Sean
    Starting with first owned.
    1983 F250 Custom, 4x4, T-19, 6.9, 3.73 light rear. (grandpas truck) -Given to my Brother
    1990 F250 XLT Lariat, 4x4, ZF5, 7.3, 4.10 heavy rear. -Dads old truck
    1994 F350 XLT Crew Cab, 4x4, ZF5, 7.3 factory turbo (now 6.9), 4.10 heavy rear. -Moms
    1994 F350 XLT Crew Cab, 4x4, E4OD, 7.3 factory turbo, 4.10 heavy rear (limited slip). -Dads new truck
    1983 F250 Explorer, 4x2, NP-435, 6.9, ?.?? heavy rear. -My daily driver
    1983 F250 XL, 4x4, ZF5, 6.9, Moose Pump, ARP Studs, 088 ATS Turbo, 2g Dodge Cummins Intercooler, 4.10 heavy rear (limited slip) from 1978 F250, 4.10 Dana 60 front axle, 84,000 original miles on truck; Converted 2wd suspension to 4wd Dana 60. -My "Brown truck"
    1994 F250 XLT, 4x4, ZF5, 7.3 factory turbo, 4.10 heavy rear. -Brothers new truck
    2006 Jetta GLS TDI, Package 1, FWD, 5spd. -Brothers new car (I know its a different breed but its still an oil burner.)

  4. #4
    Diesel fuel abuser RLDSL's Avatar
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    Unfortunately, most people THINK that they have done stellar work
    Big problem is most of them have never cracked a book in their life. long gone are the days since a torque spec like the one in the factory manual from the '47 Harley 45 flathead I had about 30 years ago which read for the head bolts " as tight as you can get the bolts with one hand on a 12" crescent wrench". ( considering some of the gorillas I've seen reefing on those things, that spec leaves a lot to the imagination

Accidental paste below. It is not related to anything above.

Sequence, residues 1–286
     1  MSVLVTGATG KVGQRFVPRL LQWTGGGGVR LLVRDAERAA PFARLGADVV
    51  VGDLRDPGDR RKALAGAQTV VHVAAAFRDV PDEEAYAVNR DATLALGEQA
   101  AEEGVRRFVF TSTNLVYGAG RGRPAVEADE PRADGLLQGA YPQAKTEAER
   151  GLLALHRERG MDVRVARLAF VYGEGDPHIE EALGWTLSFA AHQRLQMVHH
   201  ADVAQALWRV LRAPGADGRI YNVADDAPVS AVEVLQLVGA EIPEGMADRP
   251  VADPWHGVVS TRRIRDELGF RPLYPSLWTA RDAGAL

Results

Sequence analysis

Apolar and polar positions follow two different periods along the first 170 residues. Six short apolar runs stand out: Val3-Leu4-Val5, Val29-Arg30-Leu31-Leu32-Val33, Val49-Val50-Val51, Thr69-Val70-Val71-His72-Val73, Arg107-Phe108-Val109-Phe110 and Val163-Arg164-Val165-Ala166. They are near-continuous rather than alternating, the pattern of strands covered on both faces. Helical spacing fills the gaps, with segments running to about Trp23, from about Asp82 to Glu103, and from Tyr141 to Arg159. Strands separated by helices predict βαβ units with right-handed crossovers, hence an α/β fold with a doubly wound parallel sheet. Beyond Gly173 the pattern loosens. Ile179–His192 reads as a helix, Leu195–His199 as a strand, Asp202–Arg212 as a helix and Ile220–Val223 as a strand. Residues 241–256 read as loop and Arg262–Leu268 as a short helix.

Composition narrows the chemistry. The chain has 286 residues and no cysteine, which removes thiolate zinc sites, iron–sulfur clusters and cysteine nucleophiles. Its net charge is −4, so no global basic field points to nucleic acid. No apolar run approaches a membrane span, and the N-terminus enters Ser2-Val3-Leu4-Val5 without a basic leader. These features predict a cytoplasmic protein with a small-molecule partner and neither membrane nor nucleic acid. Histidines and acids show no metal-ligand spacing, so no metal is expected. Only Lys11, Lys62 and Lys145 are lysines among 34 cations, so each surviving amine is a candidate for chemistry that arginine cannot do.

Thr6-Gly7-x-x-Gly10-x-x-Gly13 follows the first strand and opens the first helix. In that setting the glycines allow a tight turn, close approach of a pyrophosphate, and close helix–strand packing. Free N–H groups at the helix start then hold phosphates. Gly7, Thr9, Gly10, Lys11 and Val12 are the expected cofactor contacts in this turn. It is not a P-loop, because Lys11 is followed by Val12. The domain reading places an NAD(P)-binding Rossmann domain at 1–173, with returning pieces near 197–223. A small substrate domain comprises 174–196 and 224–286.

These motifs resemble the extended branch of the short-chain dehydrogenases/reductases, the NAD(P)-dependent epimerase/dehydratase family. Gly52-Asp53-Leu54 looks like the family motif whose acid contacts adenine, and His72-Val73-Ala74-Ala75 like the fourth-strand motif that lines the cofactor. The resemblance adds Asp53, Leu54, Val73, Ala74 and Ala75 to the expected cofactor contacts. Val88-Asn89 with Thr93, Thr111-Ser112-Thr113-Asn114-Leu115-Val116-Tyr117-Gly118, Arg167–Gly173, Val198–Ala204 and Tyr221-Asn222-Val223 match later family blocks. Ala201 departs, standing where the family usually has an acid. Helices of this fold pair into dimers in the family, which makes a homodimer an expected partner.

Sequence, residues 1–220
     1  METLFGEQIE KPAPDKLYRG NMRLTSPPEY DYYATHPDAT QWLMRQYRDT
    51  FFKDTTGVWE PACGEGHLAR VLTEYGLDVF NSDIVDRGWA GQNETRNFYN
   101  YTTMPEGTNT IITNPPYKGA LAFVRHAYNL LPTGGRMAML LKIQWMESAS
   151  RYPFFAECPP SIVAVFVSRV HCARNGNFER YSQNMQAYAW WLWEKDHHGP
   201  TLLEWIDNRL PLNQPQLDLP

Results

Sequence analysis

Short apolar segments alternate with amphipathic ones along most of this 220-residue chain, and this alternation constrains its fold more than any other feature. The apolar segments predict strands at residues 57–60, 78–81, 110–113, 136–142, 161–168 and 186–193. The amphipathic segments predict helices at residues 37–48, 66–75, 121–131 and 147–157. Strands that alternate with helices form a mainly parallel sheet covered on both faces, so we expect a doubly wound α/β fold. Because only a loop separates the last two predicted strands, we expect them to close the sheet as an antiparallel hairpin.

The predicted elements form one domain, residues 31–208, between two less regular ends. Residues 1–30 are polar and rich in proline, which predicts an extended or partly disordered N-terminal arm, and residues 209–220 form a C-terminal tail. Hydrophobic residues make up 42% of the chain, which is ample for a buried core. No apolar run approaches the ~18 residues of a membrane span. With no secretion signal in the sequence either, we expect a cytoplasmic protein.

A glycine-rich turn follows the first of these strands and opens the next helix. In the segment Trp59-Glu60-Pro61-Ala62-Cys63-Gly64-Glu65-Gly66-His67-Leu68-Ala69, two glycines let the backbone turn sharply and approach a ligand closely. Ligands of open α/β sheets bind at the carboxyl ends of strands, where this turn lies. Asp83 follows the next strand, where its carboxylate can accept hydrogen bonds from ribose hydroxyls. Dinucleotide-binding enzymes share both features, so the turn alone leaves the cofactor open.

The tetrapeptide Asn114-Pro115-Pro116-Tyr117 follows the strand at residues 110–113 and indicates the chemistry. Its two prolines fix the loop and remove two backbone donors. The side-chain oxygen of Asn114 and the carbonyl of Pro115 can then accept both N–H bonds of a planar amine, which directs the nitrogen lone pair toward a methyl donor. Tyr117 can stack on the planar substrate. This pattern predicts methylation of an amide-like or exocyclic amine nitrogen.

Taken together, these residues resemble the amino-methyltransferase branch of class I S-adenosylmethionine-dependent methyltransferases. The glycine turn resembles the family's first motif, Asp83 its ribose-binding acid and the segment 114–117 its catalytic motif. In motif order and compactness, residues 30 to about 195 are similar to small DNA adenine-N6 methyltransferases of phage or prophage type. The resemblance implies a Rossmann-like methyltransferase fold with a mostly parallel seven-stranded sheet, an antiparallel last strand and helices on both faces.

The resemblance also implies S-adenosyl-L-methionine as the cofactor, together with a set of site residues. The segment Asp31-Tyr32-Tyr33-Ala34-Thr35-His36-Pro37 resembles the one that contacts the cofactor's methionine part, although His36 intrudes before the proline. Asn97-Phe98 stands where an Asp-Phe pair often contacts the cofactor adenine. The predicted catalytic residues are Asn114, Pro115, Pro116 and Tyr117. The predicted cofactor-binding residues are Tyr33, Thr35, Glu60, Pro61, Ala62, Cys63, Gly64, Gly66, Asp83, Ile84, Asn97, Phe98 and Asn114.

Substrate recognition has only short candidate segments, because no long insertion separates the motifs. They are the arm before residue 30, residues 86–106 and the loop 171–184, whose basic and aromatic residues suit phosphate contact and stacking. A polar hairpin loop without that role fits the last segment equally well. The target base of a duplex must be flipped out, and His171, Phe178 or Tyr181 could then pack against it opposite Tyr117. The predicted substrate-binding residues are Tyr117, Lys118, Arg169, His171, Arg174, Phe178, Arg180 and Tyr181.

Some of the crap I found on my engine . They forgot to bottom tap the head bolt holes so some of the head bolts were not even seated so it was just a matter of time before head gasket failure. Lot's of little stuff that was destined for failure ten times over. and the guy I got it from had not cheaped out, he had obviously paid them a fortune, the number of new , high end parts in the thing was unreal, but once they got the parts, they just got stupid with them . Things like I guess they couldn't figure out what to do with the valve seals in the kit so the valve seals I found on the thing looked like big block ford gasser rubber seals, and they , after 5000 miles were already heat degredated. There was one person in the shop who knew what he was doing thankfully he was the one doing the boring and all the cutting work, but all the help the place were morons.
    That place was out of state. I've had machine shops around here do such stupid stuff it's unbelieveable till I finally found a real good place

    It's getting really hard for shops to find decent help anymore. Even the Big name engines aren't immune. I've got a friend with a low mileage Promar 7.3 engine that went TU. The big warranty doesn't help much when you're on a time schedule.
    The big problem is here in 'merica, attitudes toward mechanics havn't changed and people still think that being a mechanic is something that you can do if you flunk out of school and are too stupid for anything else, so the profession doesn't attract the best and brightest except for high end stuff like heavy equipment . In northern europe it's different, being a mechanic is a respectable profession and attracts the smart guys and pays well ( good thing for those folks cruising 200mph on the autobahn )
    '92 f350 cc dually, 5 sp+ 3 speed Spicer 5831 Brownie , Solid Flywheel & Kevlar Clutch, 7.3 ATS turbo, Hypermax Cowl Induction, Custom Aluminum Rodney Red Radiator,Evan's waterless coolant,Zero pressure system, MS Tech Fan Clutch, 16" & 10" electric pusher fans,Derale Electra-cool remote oil cooler, 4" exhaust,Dual Facet Duralift E-pumps, 150 Gallon bed tank from a Volvo semi, Amsoil bypass filter w/ Amsoil 15w-40 Diesel and Marine , Victor Reinz gaskets , Western Hauler bed, Warn M12000 winch, Per Lux fog Lights, Borgeson steering shaft, 1" hockey puck lift,Rear air conditioning, Air seat, Onboard air system with rear air bags with automatic level control,West coast mirrors, Bilsteins